So, while many investors may argue that Germany is playing a dangerous game of “chicken” in preventing the ECB from going “all-in,” we believe Germany sees today’s crisis conditions as an opportunity, offering the greatest chance of achieving fiscal union. (Remember, it was Germany who demanded the inclusion of the Stability Pact in the EU Treaty.) Therefore, even if you dismiss the above analysis of why the ECB has not bent to market demands to go "all-in," we feel it should be remembered that Germany is insisting to the other EU member states that its commitment to a further bailout is conditional on achieving fiscal union.
We acknowledge that calls for extreme action by the ECB mean that market pressures are great, and financial entities and market participants are suffering. We remain committed to our resolve that this is a fragile investment environment, and we believe a conservative positioning is warranted in investment portfolios.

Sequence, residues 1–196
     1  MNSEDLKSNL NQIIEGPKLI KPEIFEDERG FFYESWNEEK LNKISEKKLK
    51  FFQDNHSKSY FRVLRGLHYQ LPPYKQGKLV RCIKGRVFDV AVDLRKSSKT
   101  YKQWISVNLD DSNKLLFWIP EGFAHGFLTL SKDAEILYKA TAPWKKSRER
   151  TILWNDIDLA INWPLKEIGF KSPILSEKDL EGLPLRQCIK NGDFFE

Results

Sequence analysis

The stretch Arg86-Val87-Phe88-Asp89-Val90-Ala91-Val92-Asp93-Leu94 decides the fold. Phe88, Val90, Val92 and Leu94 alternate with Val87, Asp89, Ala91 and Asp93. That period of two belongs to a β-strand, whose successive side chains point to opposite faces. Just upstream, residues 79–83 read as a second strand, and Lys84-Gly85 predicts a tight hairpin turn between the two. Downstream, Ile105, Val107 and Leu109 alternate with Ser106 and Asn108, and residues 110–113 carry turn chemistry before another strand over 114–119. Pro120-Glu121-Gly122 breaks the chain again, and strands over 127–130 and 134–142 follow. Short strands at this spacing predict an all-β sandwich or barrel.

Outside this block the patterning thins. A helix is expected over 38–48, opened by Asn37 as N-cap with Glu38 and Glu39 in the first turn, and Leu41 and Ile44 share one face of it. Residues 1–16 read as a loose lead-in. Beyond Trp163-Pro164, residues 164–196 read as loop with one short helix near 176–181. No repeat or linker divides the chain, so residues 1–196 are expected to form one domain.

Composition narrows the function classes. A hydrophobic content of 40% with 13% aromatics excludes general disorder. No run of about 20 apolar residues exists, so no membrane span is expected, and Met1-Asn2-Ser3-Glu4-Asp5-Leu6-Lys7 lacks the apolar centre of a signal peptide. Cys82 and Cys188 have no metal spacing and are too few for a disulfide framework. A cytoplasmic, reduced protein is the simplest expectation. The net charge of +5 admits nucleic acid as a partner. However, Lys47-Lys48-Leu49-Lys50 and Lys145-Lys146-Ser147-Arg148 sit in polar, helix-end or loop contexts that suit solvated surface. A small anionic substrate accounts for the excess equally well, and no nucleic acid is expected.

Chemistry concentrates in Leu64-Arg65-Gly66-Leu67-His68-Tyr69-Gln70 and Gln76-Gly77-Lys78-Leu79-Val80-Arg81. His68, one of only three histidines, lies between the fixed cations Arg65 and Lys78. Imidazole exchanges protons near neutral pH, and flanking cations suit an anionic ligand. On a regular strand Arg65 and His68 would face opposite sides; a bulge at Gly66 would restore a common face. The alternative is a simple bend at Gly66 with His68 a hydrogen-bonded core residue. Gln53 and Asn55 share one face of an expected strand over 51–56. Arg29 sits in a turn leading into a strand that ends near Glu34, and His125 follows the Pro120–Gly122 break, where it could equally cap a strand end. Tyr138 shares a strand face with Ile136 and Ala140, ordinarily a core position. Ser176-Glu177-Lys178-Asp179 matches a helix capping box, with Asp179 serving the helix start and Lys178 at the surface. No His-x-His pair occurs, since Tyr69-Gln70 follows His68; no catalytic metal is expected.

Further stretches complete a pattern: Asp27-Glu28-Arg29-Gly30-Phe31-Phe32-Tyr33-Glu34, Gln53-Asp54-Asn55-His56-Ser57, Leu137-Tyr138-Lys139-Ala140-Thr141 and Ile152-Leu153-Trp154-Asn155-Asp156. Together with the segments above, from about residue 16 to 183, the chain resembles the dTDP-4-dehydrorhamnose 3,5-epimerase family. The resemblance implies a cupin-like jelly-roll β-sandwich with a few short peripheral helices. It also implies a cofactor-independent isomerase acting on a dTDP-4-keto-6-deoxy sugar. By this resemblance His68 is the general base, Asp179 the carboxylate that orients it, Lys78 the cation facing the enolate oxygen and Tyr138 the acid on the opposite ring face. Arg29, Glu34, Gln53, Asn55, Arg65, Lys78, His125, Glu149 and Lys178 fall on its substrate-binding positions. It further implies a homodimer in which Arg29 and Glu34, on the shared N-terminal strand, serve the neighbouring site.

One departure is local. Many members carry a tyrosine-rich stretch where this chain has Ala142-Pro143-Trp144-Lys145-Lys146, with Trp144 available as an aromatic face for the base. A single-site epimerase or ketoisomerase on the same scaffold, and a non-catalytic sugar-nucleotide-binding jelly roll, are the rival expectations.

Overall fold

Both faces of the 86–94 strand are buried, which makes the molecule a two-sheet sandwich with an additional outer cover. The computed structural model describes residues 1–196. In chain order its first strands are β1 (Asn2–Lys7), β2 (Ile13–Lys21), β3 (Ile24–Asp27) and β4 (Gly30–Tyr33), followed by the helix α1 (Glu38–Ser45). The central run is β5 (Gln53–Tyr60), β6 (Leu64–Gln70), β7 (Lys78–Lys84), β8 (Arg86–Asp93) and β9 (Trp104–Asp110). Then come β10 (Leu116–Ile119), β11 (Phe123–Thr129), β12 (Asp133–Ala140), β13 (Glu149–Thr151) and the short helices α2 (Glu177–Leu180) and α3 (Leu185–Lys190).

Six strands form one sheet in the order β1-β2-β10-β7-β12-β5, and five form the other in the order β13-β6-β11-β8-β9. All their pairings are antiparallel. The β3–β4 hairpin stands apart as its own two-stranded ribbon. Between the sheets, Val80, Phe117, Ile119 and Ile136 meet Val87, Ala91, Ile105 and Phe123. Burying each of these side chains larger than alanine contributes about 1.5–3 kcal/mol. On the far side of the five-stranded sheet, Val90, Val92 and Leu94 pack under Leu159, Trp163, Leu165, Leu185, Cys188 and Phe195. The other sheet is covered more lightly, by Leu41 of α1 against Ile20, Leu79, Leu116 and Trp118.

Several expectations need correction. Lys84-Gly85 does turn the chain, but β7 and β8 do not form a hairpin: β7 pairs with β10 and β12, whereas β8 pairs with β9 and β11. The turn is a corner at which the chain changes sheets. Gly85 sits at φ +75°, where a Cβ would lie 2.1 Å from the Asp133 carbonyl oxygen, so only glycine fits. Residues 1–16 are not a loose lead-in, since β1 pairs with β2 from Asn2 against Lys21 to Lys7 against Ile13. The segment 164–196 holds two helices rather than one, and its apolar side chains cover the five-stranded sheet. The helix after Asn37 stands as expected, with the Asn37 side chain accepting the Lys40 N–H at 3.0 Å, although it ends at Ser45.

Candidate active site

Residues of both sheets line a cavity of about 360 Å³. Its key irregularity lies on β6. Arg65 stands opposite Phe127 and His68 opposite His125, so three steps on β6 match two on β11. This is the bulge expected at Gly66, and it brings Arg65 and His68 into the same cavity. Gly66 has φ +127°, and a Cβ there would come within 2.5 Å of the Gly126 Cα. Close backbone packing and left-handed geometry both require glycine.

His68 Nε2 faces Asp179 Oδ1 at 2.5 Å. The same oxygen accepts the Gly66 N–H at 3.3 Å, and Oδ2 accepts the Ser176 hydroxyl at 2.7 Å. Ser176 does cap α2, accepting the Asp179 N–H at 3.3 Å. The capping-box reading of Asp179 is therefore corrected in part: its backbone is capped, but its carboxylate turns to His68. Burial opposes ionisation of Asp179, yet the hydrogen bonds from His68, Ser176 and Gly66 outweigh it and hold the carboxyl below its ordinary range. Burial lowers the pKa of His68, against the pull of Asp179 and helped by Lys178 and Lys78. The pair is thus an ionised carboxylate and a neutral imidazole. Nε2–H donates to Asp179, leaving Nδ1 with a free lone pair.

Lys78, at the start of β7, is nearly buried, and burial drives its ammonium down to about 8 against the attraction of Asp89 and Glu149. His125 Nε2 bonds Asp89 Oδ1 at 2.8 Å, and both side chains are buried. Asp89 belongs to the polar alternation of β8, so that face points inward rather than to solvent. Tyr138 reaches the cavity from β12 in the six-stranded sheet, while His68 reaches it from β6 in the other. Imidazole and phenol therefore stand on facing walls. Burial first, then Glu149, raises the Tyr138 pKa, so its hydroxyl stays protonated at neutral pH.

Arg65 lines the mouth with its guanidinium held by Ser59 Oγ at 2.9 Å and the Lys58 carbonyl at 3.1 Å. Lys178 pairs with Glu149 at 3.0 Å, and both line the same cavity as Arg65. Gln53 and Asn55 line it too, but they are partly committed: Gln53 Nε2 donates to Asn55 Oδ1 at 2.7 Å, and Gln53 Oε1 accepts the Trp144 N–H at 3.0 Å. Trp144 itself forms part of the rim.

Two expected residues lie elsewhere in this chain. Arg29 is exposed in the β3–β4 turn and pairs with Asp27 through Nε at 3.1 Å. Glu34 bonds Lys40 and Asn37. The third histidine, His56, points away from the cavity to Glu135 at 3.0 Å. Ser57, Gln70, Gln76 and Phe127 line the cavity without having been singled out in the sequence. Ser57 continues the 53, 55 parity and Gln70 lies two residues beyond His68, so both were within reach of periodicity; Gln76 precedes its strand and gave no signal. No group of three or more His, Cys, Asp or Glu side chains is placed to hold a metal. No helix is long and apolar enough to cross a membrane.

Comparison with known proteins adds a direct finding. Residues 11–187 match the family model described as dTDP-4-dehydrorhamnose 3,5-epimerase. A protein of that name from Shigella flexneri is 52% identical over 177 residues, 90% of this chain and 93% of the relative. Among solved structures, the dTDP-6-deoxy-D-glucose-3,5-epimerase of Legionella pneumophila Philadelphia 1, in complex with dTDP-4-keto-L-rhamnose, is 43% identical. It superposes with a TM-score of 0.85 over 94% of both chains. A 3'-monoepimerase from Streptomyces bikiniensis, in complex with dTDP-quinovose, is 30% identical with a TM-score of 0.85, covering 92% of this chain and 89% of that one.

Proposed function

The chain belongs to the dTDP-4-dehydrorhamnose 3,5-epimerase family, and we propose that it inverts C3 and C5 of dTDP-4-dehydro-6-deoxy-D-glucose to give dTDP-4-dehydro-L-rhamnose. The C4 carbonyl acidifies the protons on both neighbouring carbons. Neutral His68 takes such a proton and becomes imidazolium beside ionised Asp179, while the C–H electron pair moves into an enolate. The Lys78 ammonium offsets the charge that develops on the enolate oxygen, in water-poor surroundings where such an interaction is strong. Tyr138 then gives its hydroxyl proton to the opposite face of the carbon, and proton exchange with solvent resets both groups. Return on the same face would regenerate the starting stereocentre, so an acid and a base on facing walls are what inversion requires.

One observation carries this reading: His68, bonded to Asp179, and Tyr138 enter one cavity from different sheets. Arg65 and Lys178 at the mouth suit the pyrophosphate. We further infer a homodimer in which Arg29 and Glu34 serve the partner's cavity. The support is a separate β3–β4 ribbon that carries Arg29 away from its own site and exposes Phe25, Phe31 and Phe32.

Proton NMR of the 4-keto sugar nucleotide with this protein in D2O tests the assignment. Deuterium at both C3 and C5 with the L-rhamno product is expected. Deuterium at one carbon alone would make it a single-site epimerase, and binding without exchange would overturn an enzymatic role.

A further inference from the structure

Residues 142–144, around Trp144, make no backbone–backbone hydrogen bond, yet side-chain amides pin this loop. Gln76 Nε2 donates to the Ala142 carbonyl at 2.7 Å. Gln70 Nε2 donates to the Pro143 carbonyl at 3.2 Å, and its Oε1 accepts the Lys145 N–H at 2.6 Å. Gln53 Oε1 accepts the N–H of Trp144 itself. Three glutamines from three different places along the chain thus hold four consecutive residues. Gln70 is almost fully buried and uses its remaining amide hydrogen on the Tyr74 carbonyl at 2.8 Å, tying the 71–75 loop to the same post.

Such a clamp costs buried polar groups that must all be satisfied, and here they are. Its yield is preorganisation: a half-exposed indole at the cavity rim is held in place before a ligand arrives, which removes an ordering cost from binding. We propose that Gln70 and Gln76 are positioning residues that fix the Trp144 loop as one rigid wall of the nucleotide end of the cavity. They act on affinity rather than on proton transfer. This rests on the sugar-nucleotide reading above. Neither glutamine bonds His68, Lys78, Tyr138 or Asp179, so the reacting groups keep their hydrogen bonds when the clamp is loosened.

The views expressed were current as of Dec. 6, 2011, and are subject to change at any time.
Carefully consider the Funds' investment objectives, risk factors, charges, and expenses before investing. This and other information can be found in the Funds' prospectuses and their summary prospectuses, which may be obtained by visiting the fund literature page or calling 800 523-1918. Investors should read the prospectus and the summary prospectus carefully before investing.
IMPORTANT RISK CONSIDERATIONS
Investing involves risk, including the possible loss of principal.